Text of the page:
Monday, July 16, 2007

Who says you can't go home?

I wrote this several weeks ago, but have been rather slow in publishing it, so consider it from the mindset of 3 weeks ago...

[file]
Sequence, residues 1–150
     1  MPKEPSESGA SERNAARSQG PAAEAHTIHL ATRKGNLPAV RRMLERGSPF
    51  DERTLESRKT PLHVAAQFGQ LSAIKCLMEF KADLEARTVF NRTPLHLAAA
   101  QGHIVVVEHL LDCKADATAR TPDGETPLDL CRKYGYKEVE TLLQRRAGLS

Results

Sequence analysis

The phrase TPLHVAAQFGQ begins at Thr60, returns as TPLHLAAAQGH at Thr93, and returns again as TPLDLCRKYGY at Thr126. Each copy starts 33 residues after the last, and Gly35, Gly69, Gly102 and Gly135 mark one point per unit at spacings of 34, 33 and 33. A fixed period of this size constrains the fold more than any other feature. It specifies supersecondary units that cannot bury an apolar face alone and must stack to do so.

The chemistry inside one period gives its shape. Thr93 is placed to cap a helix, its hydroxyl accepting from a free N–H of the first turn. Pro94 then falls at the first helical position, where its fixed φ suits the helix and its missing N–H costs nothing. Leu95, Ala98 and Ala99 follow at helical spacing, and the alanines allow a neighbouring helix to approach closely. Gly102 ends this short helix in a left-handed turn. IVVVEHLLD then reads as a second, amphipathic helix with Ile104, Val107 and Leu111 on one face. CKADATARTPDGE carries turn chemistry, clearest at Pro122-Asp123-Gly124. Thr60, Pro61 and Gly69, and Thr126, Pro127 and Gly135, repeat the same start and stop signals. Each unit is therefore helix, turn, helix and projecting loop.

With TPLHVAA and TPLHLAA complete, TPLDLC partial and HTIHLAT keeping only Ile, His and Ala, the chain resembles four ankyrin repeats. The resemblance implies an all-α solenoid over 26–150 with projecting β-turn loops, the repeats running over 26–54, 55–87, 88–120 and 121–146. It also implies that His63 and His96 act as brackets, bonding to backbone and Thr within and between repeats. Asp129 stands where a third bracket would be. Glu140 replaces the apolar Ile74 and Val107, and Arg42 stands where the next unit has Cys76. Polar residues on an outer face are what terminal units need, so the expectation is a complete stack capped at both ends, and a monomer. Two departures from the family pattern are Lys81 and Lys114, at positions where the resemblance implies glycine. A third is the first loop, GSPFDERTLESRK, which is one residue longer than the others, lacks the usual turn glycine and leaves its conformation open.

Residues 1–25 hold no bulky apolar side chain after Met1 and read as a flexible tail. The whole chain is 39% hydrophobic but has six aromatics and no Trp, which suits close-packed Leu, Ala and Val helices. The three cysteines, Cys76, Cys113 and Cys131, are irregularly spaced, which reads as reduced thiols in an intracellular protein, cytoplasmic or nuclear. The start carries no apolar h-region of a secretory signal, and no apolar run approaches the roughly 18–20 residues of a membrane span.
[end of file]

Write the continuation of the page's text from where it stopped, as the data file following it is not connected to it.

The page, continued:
When I hear Bon Jovi and Jennifer Nettles croon this tune, I can't help but smile to myself, realizing how true these words are. Who says you can't go home, who says you can't go back, been all around the world and there's only one place left I want to go, who says you can't go home, There's only one place they call you one of their own...I got on that plane in Cairo with a light heart, a bit of nostaglia and melancoly perhaps, but more eagerness than regret. I loved Cairo, but I had already cried my tears, said my good-byes, and come to terms with the city. We understand each other, Cairo and I, we've learned many of each other's secrets, observed the shame and triumphs in our lives, sat up late together providing comfort when no one else could. I embraced it the day I arrived, reveled in its chaotic beauty, got drunk on its intoxicating flavor, surrendered myself to it one late night as I stood gazing on the balcony, and kissed it good-bye at 8 am with a promise to return, again, to its strangely comforting arms. But then I stepped into the Heathrow airport, and realized that there is still a West out there, with food chains, and English speakers, and I could ask questions and be understood. It was disconcerting, the first time I asked a security guard for directions. "Excuse me? I'm, yani, trying to go," and I made the motion with my arms, "to the American Airlines counter, Ammmericaaan Airlines." And he looked at me as if I was slow, and directed me in an adorable English accent, as I averted my eyes and hastened away. But America, that was a truly amazing thing! My plane ride was full of typical Americans, overweight, obnoxious, appallingly dressed, and loud, while I wiggled in my cramped seat and doughtily ignored their disturbances. Oh Chicago! I was sorely tempted to drop to my knees and kiss the sacred ground of the motherland, but I restrained, barely, and entered the amazingly efficient queue for immigration. When I approached the fresh-faced young officer, he looked at my form, looked at my passport, and then glanced at me. "Why were you in Egypt?" "Oh," I said airily, "I was studying Arabic, and the other countries (yani-Kenya, Tanzania, Jordan, Thailand, and Israel) I visited on vacation. I haven't been back in 10 months!"I projected such an exuberance, such a boundless enthusiasm to be home, that he questioned me not on my travels, but on the creeping ink vine spreading across my arm. "What's that?" "Oh, it's a henna tatoo, I got it in Egypt!" Flashing him a contagious grin, I twisted my arm to show him more, while I sensed the people in line behind me rolling their eyes ;-)"It's very cool," he said with honest interest. "Well, welcome home!" "Thank you!" I responded with another huge smile and floated through security, managing to drag my suitcases onto the final leg of my journey. The flight home was relaxing; I heard, for the first time in ten months, those good ol' Minnesota accents, and the manifestations of Minnesota Nice. I know most of you don't talk to strangers, don't say hi in supermarkets, but we do, and my seatmate and I talked for half the flight about sundry topics-our family, the novel she was reading, my travels, her travels, etc.-before the plane touched down, at long last, on home turf, and I sprinted through the familiar Minneapolis airport into my daddy's waiting arms. He lugged those giant green suitcases (sound familiar, Colin, David, and Lesley ;-) off the conveyor belt, wondering what in the world I could have packed. Well, there are the vases, and the leather poufs, and the camel table, and some scarves, a silk robe, clothes...You get the idea. And, for all of you doubters out there, I got everything home, everything! Two of the boxes were stalled in customs for a few days, but they eventually arrived on my Chaska doorstep, beaten but whole! And that's how I felt, as we drove those familiar roads, stopped for my first American food, Chipotle, headed up Pioneer Trail, commented on the road construction, and pulled into our driveway. I had been away 10 months, and so much had changed-new roads wended were once there were fields, stoplights now directed traffic where before only cows lowed, but some things never change, like a mother's love. An almost bald scalp may have replaced her thick, curly hair, fresh stitches may now be the only things covering her chest, but it was still mommy, and her eyes still glowed with the same tenderness (and, occasionally, reprobation) and her spirit had not dimmed, nor had her bossiness ;-) "Someone bring up those suitcases!" Did we suddenly fall into our old routine? Of course not, because I'm now Wawa, and she's not the same mother I left almost a year ago. Disputes arise, spates disrupt our harmony, but, overall, the transition from separation to constant togetherness has been smooth. I unpacked, the next day, to Nancy, the Arabic pop princess, mafiish haga tigiing in the background, and mom laughed. "You're not the same girl, are you?" "Nope!"Because of her incapacity to perform most tasks due to recent surgery, I execute most of the household chores, including grocery shopping, and, oh my God, I got behind the wheel for the first time in ten months, cranked the radio to K102-Today's Country-and pulled into the SuperTarget parking lot. Sweet, glorious heaven! A real grocery store again! I almost died, looking at the prices and realizing Tostitos were no longer 10 dollars a bag, that milk was again refrigerated, that items actually had permanent places on the shelves. At one point, I stopped loading my shopping cart and fretted about how I was going to carry it up the stairs to my apartment. And then, right there in the middle of the store, I cracked up, because I was truly home, could wheel my cart out to my Honda, drive into the garage, and carry it right in the door. Yes, America really is that convenient. My parents soon learned that their somewhat new daughter, was, indeed, a bit bolder, more candid, and quite willing to scandalize them with stories of her various escapades, but they took it all very well, and throw it right back in my face. Family dinners, let's say, are alot more interesting, as now Wawa is the fallen one, and Andrew the saint. Spring Breaks in Thailand are dangerous things, what can I say? But, in all seriousness, I've found a peace at home that I could not acheive anywhere else, and it draws from the closeness of my family, the familiarity of my surroundings, perhaps the cleaness of the air, the nature present even in my neighborhood, and, most of all, the acceptance from all of who I am. They refuse to call me Wawa, but they've welcomed her into their midst, and that means more to me than they know. It's not to say that life is not sometimes difficult, that I would rather not be spending time at the doctor's accompanying mother, or changing her bandages, or taking care of the house, but she spent 20 years raising me, and now it's time to repay a small sliver of that. Or so I try to tell myself, I'm really not that good of a daughter, but I'm trying to be a better one...I saw my grandma and grandpa, inhaled the slightly musty aroma of their house, hugged their increasingly frail frames, and perched on the fireplace as grandma slapped her knees and exclaimed over my tan (which is quite impressive, btw ;-). How did she call me? Effervescent. And grandpa, dear grandpa, looked me sternly in the eye, and commented, with a bit of resignation, "I guess I won't even ask you if you behaved, because I don't think I want to know the answer.""No, I don't think you need the details."I returned to campus this afternoon, parked in Riverbend garage, saw my old Arabic class friends, slurped on a Jamba Juice, greeted my old colleagues (well, I didn't just see Egypt, I also visited...), chatted with my Honors advisor for an hour before I realized that we had accomplished nothing in regards to my graduation but had thoroughly enjoyed each other's company (Mary's more like my big sister than advisor), and realized that MN is my home, and I can try to run from it and be bold and brazen and Wawaish, but, at the end of the day, my roots will pull me back to this place. Well, if my roots don't pull me back here, the unquivocal use of a dryer, a dishwasher, and a shower that works may. And the clean air, I can't get enough of it, I walk and I walk and I walk and I breathe, and it's beautiful. And I wear shorts, mini skirts, and tank tops, and no one honks. Oh, hell, I even tan on the deck in my underwear and the neighbors don't care!